Dry-Mounting Recommendation

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Dry-Mounting Recommendation

Post by Customer » Oct 15, 2010 3:02 pm

Short version: Is there somewhere on your website where you discuss the 'downsides' to dry mounting?

Long version: We have investigated the framing options available to us. I described the art to several local framing shops including a custom-framing place, and each independently recommended against the dry mounting process you suggest on your website. The reasons included (1) instead of preventing wrinkles, it may permanently "trap" a "million" small wrinkles and (2) as it is permanent, it lessens the "value" of the art.

Obviously, you wouldn't agree with this and still recommend it. Is there something I am missing when I represent the art to the framing shops? I have told them it is already mounted to silk matting.


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Location: San Diego / Beijing

Post by Gary » Oct 15, 2010 3:05 pm

The typical argument against dry-mounting is that the artwork becomes bonded permanently to the mount board, thus altering the artwork forever.
The argument continues that doing this would reduce the value of the artwork.

I do not dismiss this argument, but I discount it for the following reasons:

1. While not easy, in a pinch, I could still remove the artwork layer from our mounting media. We bond the thin sheet of xuan paper that contains the artwork to another layer or two of xuan paper to thicken it. The dry-mounting will only bond that back sheet of xuan paper. This is a unique attribute of mounted Chinese artwork (don't confuse this use of the word "mounted" here with dry-mounting - two different processes).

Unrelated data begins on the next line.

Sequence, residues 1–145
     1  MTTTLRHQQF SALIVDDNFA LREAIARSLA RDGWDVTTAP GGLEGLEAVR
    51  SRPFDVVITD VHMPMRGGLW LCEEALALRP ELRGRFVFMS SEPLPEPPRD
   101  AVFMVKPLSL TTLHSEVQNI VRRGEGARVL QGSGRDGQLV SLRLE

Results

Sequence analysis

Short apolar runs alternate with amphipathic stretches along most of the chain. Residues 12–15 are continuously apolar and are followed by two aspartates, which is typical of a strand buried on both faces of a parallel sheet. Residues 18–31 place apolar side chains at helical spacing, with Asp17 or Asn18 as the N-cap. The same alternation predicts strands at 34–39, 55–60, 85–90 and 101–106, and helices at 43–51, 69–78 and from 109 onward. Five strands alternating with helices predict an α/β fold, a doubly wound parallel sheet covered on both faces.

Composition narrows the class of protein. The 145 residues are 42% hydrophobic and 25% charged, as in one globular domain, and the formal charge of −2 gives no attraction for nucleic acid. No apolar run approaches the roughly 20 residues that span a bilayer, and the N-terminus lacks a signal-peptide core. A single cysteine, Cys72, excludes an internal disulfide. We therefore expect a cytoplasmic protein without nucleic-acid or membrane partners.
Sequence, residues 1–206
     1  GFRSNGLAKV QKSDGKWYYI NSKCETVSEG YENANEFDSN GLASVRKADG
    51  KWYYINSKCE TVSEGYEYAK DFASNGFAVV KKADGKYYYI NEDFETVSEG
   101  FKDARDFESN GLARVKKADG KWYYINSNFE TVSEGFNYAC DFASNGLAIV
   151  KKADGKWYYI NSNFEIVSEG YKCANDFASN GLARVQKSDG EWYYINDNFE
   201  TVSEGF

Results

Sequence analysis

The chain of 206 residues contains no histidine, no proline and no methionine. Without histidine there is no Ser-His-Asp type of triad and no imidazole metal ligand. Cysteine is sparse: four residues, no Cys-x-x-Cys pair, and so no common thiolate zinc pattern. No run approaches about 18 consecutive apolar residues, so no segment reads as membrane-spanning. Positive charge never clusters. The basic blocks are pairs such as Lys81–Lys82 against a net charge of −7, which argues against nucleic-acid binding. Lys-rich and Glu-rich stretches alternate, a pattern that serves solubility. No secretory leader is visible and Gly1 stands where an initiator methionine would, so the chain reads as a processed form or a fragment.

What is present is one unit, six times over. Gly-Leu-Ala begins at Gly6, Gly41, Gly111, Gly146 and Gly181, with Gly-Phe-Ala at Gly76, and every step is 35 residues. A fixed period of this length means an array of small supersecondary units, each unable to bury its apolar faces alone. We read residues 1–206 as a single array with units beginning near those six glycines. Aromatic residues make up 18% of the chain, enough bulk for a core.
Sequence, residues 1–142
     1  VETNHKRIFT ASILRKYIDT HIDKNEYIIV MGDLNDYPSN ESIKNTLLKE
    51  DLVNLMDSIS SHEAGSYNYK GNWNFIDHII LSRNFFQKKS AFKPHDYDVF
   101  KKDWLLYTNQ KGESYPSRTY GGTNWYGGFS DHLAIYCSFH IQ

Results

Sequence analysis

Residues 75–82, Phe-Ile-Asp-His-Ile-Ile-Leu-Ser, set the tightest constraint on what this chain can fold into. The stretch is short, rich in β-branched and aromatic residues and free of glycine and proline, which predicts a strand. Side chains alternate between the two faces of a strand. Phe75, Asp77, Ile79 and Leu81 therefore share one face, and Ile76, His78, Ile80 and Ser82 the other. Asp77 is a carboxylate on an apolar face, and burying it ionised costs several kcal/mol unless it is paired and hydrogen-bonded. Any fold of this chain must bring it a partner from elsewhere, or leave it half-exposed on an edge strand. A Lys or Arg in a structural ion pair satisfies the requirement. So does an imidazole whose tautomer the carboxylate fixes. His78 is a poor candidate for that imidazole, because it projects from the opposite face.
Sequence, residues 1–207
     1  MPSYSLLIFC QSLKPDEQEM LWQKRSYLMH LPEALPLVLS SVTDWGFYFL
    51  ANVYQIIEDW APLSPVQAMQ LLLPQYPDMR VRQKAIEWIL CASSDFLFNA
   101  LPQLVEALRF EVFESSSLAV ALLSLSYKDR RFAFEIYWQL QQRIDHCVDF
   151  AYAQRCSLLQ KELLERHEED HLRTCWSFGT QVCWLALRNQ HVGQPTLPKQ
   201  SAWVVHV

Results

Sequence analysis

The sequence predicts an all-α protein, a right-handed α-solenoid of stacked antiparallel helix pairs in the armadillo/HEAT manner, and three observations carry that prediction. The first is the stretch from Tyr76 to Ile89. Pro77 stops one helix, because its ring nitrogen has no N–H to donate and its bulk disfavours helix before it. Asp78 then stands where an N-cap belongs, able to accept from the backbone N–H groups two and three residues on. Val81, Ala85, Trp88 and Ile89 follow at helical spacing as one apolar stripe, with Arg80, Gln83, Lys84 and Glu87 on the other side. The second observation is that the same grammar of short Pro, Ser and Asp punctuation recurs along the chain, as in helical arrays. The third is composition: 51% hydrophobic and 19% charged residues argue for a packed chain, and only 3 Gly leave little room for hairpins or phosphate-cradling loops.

2. The artwork we sell is probably not going to become million-dollar pieces in the future. These are highly-skilled, but not famous artists. You're buying the artwork because you like the way it looks, not because it's an investment. Investment-level artwork starts at $1000 per piece and above in my opinion. The most expensive piece I've ever sold was still under $300.

I've never heard the argument that dry-mounting might create a million tiny wrinkles. That sounds like the argument of someone who does not own a vacuum press, and therefore does not offer this service. Or else, maybe they are not good at the process of dry-mounting. That's just my instinctive feeling/thought when I read what you wrote based on my experiences.

For my local gallery in San Diego, I have dry-mounted hundreds of pieces at a local framer over the past 8 years. I've never had a problem with wrinkles being added to the artwork. Once, we had a piece with a bad wrinkle in it, and I had it dry-mounted in an effort to remove the wrinkle. The result was not perfect, and I ended up sending the piece back to Beijing for it to be unmounted and remounted at our workshop (that is the one case out of hundreds where I wish I had not dry-mounted something).

Personally, I have been far more satisfied with the framed artwork on my own wall that was dry-mounted than the two pieces which were museum-mounted and now have a wavy appearance.

I just had a thought. I wonder if all the framers in your area went to the same school or training, and therefore were giving the same information/opinion on dry-mounting. The "may add a million tiny wrinkles" thing still baffles me to be honest.

Let me know if you need more information.